Initially, she was one of only three people who were able to scramble into the first life raft before it began drifting away from the stricken vessel.

 "So we had to try and get back to the boat to get more people in our life raft, which took so much strength, but we finally got 20 people in our life raft, then we cut the lines and got away from the ship easily and quickly," she recalls, adding that she knows of no one who actually ended up in the water.

 That began what would turn out to be an arduous, 38-hours adrift in the South Atlantic for the 64 students, staff and crew who miraculously all made it to safety relatively unscathed.

 "It smelt really bad in the life raft and for the first part we were just sweating a lot so [the survival suit] would just stick to your body," she says. "Then at night it would get cold because there was a lot of water in our raft. If you were in the life raft laying down you were in water which was lowering your body temperature."

 Ms Unsworth says that during the entire ordeal, she never slept at all, choosing instead to stand watches. And, she prayed.

 "We all did. Hardly any one of us is religious, but it was like, 'Please, please, Lord,'" she says.

 To help pass the time and keep everyone's spirits up, her comrades in the other life rafts began to sing. However, that experiment was short lived for those in her boat.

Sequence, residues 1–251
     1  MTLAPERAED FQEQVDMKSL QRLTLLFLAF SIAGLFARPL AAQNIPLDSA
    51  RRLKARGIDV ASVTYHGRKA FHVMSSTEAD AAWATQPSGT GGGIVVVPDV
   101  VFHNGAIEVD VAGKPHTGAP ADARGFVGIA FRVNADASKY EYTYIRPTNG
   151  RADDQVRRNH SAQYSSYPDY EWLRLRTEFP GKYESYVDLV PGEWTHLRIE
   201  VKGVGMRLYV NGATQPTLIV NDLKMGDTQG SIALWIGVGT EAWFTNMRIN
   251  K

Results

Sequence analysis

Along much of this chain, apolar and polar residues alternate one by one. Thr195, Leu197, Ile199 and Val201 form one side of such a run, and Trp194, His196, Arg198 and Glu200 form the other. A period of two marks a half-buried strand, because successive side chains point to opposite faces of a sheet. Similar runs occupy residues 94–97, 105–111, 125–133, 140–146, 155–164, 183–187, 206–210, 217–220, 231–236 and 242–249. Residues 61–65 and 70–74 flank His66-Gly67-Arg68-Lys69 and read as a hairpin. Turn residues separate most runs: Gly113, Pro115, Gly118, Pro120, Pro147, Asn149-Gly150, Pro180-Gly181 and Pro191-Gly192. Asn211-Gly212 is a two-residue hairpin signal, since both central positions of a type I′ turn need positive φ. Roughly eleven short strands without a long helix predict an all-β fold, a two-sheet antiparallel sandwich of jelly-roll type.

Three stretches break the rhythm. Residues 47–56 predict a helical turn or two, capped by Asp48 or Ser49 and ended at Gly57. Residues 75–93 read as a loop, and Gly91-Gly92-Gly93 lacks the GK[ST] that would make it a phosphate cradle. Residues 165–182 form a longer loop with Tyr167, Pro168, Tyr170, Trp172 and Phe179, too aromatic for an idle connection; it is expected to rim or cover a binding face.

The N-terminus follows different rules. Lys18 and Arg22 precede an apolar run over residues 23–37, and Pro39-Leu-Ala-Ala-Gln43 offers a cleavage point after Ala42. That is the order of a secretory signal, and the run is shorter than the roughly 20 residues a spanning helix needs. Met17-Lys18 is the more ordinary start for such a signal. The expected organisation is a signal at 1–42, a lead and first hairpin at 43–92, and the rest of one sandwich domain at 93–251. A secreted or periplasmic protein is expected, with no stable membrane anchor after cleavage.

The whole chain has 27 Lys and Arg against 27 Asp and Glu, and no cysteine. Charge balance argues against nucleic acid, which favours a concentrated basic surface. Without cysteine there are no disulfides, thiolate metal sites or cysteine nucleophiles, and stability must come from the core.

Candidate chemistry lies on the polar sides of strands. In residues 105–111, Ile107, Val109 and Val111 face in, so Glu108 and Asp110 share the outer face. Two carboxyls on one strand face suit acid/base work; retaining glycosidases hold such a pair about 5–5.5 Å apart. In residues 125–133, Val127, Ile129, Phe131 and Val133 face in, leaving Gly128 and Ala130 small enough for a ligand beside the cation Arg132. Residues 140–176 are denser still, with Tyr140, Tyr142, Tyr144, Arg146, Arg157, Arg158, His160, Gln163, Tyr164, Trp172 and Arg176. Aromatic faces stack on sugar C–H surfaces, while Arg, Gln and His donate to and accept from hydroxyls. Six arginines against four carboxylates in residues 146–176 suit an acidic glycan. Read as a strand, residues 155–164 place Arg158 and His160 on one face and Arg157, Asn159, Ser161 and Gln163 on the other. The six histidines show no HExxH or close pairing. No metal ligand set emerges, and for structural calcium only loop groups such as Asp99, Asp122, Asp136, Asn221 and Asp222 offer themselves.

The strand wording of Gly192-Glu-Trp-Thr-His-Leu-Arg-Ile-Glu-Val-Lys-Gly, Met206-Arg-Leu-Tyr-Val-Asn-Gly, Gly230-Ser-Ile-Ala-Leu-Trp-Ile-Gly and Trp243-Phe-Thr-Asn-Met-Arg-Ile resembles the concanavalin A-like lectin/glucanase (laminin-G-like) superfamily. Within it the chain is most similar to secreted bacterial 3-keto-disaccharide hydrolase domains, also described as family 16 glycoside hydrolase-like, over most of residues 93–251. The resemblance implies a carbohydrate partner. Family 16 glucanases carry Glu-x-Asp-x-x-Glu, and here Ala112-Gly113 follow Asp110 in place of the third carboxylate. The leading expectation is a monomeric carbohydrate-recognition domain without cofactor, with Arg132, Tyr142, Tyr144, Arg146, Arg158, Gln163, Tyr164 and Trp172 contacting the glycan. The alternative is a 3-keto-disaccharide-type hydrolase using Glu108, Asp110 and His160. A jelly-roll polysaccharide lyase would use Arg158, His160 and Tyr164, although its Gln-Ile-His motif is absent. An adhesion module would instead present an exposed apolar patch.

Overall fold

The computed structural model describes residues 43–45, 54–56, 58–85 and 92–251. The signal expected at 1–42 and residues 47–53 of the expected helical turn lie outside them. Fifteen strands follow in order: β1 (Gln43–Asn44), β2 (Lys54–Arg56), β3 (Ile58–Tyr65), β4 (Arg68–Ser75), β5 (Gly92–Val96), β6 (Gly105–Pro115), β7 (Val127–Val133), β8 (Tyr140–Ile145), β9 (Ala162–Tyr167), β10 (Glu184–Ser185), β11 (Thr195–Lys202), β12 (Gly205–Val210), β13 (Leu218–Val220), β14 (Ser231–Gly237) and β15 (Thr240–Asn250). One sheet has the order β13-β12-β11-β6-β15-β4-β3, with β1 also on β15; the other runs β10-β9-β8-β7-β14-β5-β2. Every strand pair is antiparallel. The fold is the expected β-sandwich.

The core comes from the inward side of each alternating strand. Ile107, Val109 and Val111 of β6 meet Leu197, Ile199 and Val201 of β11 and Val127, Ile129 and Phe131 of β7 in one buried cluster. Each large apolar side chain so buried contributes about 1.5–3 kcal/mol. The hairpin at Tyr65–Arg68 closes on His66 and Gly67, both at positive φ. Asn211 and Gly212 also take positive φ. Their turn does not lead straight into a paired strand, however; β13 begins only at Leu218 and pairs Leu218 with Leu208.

"We tried, but it kind of died down and then we'd all be really depressed," she says. "We didn't really do anything. We were just talking to our second mate a lot about what was going to happen and if we were ever going to get rescued and if he knew for sure that the EPIRB [Emergency Position Indicating Radio Beacon] went off. We were just bombarding him with questions."

 Fortunately, the life rafts were well equipped with plenty of food and water, as well as a sea anchor.

 "We had the basic survival needs, [but] we didn't have a compass which was really stupid. We would have liked to have one of those," she says.

 For the first day and night after the SV Concordia sank, the three life rafts remained close together. However, the next day Ms Unsworth's raft had drifted far enough away from the others that they could not see them anymore.